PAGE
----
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Some Assembly Required episode 10: Modern VS Vintage


8 comments posted
Once again, great

Once again, great discussion. And the added production value of the new title card was, as promised, glorious.

From the standpoint of a much younger collector, the status quo of what a robot toy should be in terms of aesthetic or articulation is worlds away from what it was in the time frame in which the vintage toys that older collectors might have grown up with were released. I don't know if that means that young fans expect more out of their toys than older fans, but it does create somewhat of a rift among people such as ourselves.

Personally, up until the age of about ten I only collected mass market Transformers due to the simple fact that they were the only thing available to me. But it was vintage toys that spurred my interest in serious collecting, when a DX GaoGaiGar caught my eye in a Taiwanese toy shop's window. Due to my origins in this hobby, I prefer the engineering and design of newer toys, but have a great deal of respect and admiration for the bold, eclectic designs of older ones.

Transformers are a great example of how a line grows with its fans while still maintaining the appeal it had when older fans were introduced to it. Like Sanjeev pointed out, Hasbro has always made "strange" decisions when it comes to which characters they produce as part of their current lines (Darkmount aka Straxus).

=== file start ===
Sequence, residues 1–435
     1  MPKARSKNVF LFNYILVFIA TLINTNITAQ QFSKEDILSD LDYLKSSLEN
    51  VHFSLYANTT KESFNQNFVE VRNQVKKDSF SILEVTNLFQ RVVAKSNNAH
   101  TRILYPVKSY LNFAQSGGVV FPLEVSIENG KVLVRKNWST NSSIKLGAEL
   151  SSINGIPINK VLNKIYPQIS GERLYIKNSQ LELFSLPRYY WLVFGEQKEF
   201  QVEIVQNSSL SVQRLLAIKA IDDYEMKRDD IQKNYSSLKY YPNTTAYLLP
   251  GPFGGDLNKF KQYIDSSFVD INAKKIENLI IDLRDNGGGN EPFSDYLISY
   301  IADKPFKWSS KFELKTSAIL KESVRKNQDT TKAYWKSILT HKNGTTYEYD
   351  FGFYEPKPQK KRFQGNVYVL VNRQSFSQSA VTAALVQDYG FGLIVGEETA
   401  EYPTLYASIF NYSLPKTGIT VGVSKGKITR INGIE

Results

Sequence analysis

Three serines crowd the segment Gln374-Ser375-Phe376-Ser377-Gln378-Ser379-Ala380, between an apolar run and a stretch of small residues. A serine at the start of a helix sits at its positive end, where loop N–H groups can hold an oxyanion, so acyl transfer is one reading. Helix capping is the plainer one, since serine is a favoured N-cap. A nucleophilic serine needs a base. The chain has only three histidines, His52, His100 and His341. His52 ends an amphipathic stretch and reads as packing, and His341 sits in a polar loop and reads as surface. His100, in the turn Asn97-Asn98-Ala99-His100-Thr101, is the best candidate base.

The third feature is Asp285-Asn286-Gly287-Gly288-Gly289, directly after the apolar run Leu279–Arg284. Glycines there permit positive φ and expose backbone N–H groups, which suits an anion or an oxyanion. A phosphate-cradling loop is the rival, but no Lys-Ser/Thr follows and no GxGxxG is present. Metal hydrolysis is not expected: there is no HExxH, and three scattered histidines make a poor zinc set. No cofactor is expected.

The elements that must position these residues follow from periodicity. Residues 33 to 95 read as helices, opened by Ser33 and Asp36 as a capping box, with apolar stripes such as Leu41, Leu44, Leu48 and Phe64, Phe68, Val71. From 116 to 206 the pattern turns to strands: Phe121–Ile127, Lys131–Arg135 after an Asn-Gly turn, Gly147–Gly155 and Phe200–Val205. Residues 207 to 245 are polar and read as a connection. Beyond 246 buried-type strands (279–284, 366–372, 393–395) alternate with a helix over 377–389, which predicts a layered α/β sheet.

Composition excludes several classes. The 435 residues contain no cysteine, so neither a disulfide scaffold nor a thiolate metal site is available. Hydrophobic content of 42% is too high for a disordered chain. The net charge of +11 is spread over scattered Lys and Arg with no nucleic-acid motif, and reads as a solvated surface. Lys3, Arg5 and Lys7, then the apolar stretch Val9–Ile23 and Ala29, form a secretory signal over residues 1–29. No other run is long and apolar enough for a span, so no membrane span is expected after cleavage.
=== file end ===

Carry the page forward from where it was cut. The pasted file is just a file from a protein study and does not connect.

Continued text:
But while he calls it strange, I see it as giving fans of lesser known characters or lines a way to own the figures they always wanted. Transformers built up a gigantic amount source material up until the Beast Wars era. I think that this "break" from the original show only tempered the fans love of the characters they were used to. Case and point, the Unicron Trilogy (Armada, Energon, Cybertron) and all of its subsequent predecessors (yes, even the Movies) are HEAVILY steeped in homages to the G1 era. Characters that haven't been seen in almost 20 years are appearing on store shelves as either repaints or sometimes entirely new molds. Ranging from beloved fan favorites to quirky obscure one-off characters, Transformers fan are always getting notes of vintage even in modern toys. And that's not even mentioning mass retail re-issues of figures released almost 30 years ago which are still being bought up by kids just for the fact that they are Transformers.

As a teenager, I always find myself buying an expensive collectors toy only to hunt down the original for the simple fact that owning it would give me an entirely new facet of the character. A year ago I bought Masterpiece King Exkaiser. After fiddling with it for a few weeks I couldn't help but want the original. When I finally got one I almost regretted buying the masterpiece version because the original was so solid. I enjoyed picking up an Exkaiser without having to worry about metal crashing into metal due to extensive joint motion. I enjoyed putting a sword in his hand without having to do a fist swap. I guess what I'm trying to say is, there's nothing quite like a toy that's meant to be played with and getting a new updated version of it sometimes won't do the experience with the character justice.